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It can certainly be hard to find love on the left – screaming your lungs out about the evils of Occupation is rarely the most attractive of mating calls. Pulling at political meetings can be a deeply depressing experience too, unless you want to attract self-important middle-agers whose idea of romance is plotting for the revolution. With such unpromising options at your disposal, there are worse options than online dating. Sure, it can seem like the commodification of intimacy, but getting too worked up about shopping for dates isn’t going to help you find one.
If you really can’t face that, there are some other options. Local and academic libraries can be a hotbed of horny hacks. Park yourself behind a copy of Marx’s Economic and Philosophical Manuscripts and wait for your Engels to show up.
If that doesn’t strike you as a likely prospect, you could try flirtatiously Facebooking old friends – as long as lurking exes don’t inadvertently scupper your chances. Or you could take a hands on approach to international solidarity and go globetrotting for eligible Trots.
If that doesn’t yield an eligible partner, you might want to embrace a more fundamental criticism of your desire for coupledom. As a political lesbian, I used to rail against ‘the inturned emotional exclusiveness of the couple, which students the partners so they can no longer operate at all as independent beings in society’. Nowadays, though, I’ve embraced Anthony Crosland’s social democratic credo that ‘abstinence is not a good foundation for socialism’. He advocated ‘more, not less spooning in the Parks of Recreation and Rest’. For £6 a month, plus a profile that promises ‘socialist seeks similar for sex, sauciness and spooning’, I’m doing my bit for the cause.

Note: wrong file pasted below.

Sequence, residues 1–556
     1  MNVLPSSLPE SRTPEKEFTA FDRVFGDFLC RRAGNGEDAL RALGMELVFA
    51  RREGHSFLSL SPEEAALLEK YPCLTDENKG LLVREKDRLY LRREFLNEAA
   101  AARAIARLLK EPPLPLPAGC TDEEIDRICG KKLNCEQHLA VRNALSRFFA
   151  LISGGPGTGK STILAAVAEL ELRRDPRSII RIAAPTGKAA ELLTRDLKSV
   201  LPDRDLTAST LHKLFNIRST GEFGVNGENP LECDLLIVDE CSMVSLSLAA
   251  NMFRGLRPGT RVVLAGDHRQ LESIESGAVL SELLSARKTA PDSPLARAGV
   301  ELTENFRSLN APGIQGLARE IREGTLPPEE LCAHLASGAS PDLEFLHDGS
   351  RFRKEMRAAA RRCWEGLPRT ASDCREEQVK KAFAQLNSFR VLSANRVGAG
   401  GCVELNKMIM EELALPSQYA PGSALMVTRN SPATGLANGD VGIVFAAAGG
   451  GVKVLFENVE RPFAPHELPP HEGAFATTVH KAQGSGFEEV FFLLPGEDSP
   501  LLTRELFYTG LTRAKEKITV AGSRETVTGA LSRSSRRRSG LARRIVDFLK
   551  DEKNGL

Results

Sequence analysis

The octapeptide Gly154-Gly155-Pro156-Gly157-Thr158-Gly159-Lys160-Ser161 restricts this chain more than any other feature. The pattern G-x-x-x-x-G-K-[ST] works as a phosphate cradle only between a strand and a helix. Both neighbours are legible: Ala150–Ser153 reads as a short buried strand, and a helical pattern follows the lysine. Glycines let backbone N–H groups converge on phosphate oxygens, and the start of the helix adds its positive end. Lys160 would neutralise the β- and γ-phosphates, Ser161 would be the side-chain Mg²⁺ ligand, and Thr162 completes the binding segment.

Further advice and discussion on this subject can be found on the new Red Pepper forums under the hugely popular ‘Sex and socialism‘ thread.
Grace Blakeley investigates the curious case of Carillion: how the company’s slow decline and abrupt liquidation reveals the nature of modern capitalism.
The collapse of Carillion could be a watershed moment. Let's seize it to end economically disastrous outsourcing schemes. By Cat Hobbs.
Campaign groups highlight UK complicity in Saudi Arabia's human rights abuses.
Three founders of Momentum talk to Ashish Ghadiali about the two years that have transformed their lives and the fortunes of the British left.
Andrew Smith from Campaign Against the Arms Trade gives the run-down on one of the UK's most profitable - and most deadly - industries.
The real story behind the fire in Grande Synthe’s Linière refugee camp, Dunkirk. From 'Bordered Lives – How Europe fails refugees and migrants' by Hsiao-Hung Pai
Javier Pérez De La Cruz writes about the working class Berlin neighbourhood wrung dry by gentrifiers.
Across the world, thousands of protesters are taking on the planet’s biggest fossil fuel companies. We should support them – and if we can, we should join them. By Kara Moses
Students are suffering the effects of financial instability, stress, and slashed mental health services. Mark Crawford reports.
They're not defending free speech - they're just seeking to shore up their own power, writes Ilyas Nagdee
Jeremy Hunt is poised to flog the last of the NHS
Peter Roderick sounds the alarm on an 'attack on the fundamental principles of the NHS'.
Viva Siva, 1923-2018
A. Sivanandan, who died this week, was a hugely important figure in the politics of race and class. As part of our tributes, Red Pepper is republishing this 2009 profile of him by Arun Kundnani
Sivanandan: When memory forgets a giant
Daniel Renwick calls for the whole movement to discover and remember the vital work of A. Sivanandan, who died this week
A master-work of graphic satire
American Jewish cartoonist Eli Valley’s comic commentary on America, the US Jewish diaspora and Israel is nothing if not near the knuckle, Richard Kuper writes
Meet the frontline activists facing down the global mining industry
Activists are defending land, life and water from the global mining industry. Tatiana Garavito, Sebastian Ordoñez and Hannibal Rhoades investigate.
Transition or succession? Zimbabwe’s future looks uncertain
The fall of Mugabe doesn't necessarily spell freedom for the people of Zimbabwe, writes Farai Maguwu
Don’t let Corbyn’s opponents sneak onto the Labour NEC
Labour’s powerful governing body is being targeted by forces that still want to strangle Jeremy Corbyn’s leadership, writes Alex Nunns